Here’s what really ticks off Christians seeking to live faithful lives in workplaces that are aggressively pushing the Sexular Age onto their employees.
They get tired of people whose lives inhabit the sheltered workshop of fulltime pastoral ministry telling them that if they’d only spend more time being like Jesus in terms of compassion, justice, love, kindness, generosity (all the good stuff), and less time being a culture warrior on issues of sexuality (all the bad stuff), then things would go swimmingly.
And once again I’ve seen that happen on social media this week. The impression is, ironically, very binary. Apparently these Christian workers in the secular and woke offices of our major cities have tossed a coin and said:
“Heads I be a culture warrior. Tails I be the kind of Christian the sheltered workshop folk just wish I would be.”
Gimme a break. Most Christians in the workplace have a deep conviction about living a godly life in how they conduct themselves. They’re very clear that they are there in the office or the department to acquit themselves well in their role, and to adorn the gospel in line with the command of Paul in Ephesians 6, which is worth quoting at length:
Slaves, obey your earthly masters with respect and fear, and with sincerity of heart, just as you would obey Christ. Obey them not only to win their favour when their eye is on you, but as slaves of Christ, doing the will of God from your heart. Serve wholeheartedly, as if you were serving the Lord, not people, because you know that the Lord will reward each one for whatever good they do, whether they are slave or free. And masters, treat your slaves in the same way. Do not threaten them, since you know that he who is both their Master and yours is in heaven, and there is no favouritism with him.
This is the concern of most workers of faith that I know. They wish to be godly, and they know that they are to behave in a manner that meets the approval of their boss and the BOSS. And those high up in leadership know that they are to display an all-too-often-rare humility in the upper echelons of large companies.
Here’s what they are not doing. They are not – as they seem to be accused of in what is clearly a strawman argument by so many of those who have rarely darkened the door of secular work – banging on about sexuality and gender in their workplaces. They are not pasting up Bible verses about homosexuality or gender in their cubicles.
Here’s what they are doing. They are keeping their heads down. They know that no matter how nicely they smile on Wear it Purple Day, the HR department – and indeed a few of their colleagues – will consider them the moral equivalent of a smiling racist. And they know that like the wildebeest caught straying from the herd, their colleagues who may agree with them silently, will leave them to the level five lion who is angered by their quiet conviction.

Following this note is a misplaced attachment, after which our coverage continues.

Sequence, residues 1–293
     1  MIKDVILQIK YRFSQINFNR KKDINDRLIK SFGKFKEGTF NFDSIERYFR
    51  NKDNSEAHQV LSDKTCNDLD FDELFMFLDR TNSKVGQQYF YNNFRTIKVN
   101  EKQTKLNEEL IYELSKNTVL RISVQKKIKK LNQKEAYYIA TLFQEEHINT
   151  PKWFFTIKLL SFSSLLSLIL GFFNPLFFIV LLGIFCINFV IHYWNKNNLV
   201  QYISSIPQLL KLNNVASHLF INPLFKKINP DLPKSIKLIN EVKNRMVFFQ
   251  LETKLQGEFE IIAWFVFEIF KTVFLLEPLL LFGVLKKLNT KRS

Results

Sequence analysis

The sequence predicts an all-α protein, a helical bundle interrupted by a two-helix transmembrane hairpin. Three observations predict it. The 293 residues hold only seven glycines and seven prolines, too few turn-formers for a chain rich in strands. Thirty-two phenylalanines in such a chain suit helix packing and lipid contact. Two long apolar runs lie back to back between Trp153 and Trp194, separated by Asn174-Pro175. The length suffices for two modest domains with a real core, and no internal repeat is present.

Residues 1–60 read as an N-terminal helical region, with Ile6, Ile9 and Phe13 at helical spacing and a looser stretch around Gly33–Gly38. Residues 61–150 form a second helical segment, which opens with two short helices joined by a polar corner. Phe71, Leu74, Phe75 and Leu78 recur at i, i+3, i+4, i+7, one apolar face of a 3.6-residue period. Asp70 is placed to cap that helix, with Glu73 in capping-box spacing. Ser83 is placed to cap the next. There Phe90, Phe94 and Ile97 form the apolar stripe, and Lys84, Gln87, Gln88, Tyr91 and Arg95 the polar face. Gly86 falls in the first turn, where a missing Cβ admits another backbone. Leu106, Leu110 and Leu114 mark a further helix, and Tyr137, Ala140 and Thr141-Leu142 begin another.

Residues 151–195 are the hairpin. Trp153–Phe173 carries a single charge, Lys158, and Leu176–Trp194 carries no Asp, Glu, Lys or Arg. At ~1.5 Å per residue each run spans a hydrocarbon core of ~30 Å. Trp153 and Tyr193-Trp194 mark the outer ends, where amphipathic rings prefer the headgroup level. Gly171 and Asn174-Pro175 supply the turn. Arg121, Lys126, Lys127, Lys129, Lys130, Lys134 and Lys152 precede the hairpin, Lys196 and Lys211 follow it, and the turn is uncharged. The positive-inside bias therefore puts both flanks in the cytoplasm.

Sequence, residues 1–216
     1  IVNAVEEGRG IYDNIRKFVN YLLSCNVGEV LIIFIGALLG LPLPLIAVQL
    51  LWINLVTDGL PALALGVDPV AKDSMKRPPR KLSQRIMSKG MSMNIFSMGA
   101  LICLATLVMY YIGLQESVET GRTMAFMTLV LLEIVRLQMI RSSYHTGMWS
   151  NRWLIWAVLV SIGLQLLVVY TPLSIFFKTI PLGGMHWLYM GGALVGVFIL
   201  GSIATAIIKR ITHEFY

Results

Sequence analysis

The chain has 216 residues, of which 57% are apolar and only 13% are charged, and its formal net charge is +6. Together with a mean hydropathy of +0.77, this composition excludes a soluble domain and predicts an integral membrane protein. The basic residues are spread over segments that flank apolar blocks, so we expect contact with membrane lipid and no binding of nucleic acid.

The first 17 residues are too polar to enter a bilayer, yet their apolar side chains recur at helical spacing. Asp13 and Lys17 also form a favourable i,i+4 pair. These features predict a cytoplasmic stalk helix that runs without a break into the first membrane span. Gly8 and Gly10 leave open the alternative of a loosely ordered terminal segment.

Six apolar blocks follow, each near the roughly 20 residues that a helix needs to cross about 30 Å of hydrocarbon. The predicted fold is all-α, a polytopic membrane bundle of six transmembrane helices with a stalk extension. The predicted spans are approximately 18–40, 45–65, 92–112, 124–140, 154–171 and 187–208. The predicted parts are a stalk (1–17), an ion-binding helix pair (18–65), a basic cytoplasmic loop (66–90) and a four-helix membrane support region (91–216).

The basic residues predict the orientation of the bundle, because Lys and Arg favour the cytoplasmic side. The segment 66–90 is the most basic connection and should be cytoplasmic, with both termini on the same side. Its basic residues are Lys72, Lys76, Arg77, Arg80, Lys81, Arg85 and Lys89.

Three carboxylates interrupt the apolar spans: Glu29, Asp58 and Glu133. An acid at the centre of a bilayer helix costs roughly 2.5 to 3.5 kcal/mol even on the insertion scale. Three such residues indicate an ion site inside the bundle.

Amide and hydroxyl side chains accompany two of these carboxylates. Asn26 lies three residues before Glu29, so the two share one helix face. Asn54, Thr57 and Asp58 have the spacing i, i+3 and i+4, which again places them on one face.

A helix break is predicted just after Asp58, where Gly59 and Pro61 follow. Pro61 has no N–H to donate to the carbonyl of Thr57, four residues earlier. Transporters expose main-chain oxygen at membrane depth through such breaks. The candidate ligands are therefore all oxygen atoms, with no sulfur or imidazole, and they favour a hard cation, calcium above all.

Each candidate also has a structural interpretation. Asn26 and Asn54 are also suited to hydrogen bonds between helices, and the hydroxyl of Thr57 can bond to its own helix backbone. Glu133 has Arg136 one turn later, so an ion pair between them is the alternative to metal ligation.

They also love their non-binary and gay work colleagues and seek to treat them equally and give them no reason to scorn or hate the gospel. For many it’s nerve-wracking because they know that the corporations of the 21st century are intent on driving the social and cultural agenda of not just the workplace, but the wider setting.
Faced with a meaning and purpose deficit in the culture due to the retreat of any public acknowledgement of transcendence, the corporations are seeking to shape the meaning and purpose of life. The large corporations are above all religious, whether the god is Mammon or the god is Sexual Identity and Expressive Individualism.
Granted, not all Christians in the workplace face this sort of confronting issue around sex and gender, and many are just getting on with their lives and work with little trouble, all the while attempting to adorn the gospel by their aptitude and attitude. I’m not the type to over-egg the cake and say it’s all as bad as it possibly can be. But I’m also the type that has called out some stuff in recent years in terms of where the culture is headed on this stuff, and been proven right.
But for those Christians that are facing the heat, can the sheltered workshop types do me a favour and back off? Stop demeaning such Christian workers as if the problem is their fault, either because they are making too big an issue of this, or because they’re not showcasing Jesus in any kind of loving and generous way. That’s just plain insulting.
And if you are that sheltered workshop type, maybe it’s not because you are clueless. Maybe it’s because you’re on the more progressive side of the sexuality debate, and you would rather die than support a brother or sister in Christ who differs to you on this. And that’s the point to ask yourself what your gospel actually is, and whether you might have unwittingly signed up for another gospel.
Which – humanly speaking – you’re free to do.
What you’re not free to do is to impugn those workers in the Sexular Age who are trying to navigate what is an increasingly hostile setting for them, and who just want to keep their heads down and get on with life, in a setting where “silence is violence” and unless you declare yourself an “ally” then you are no longer a friend in this company. Granted too that is not everyone by a long shot, but it is some people, so spare a thought for them.
And maybe get out of the sheltered workshop some time and go to the coalface and ask the questions you already seem to have answers for.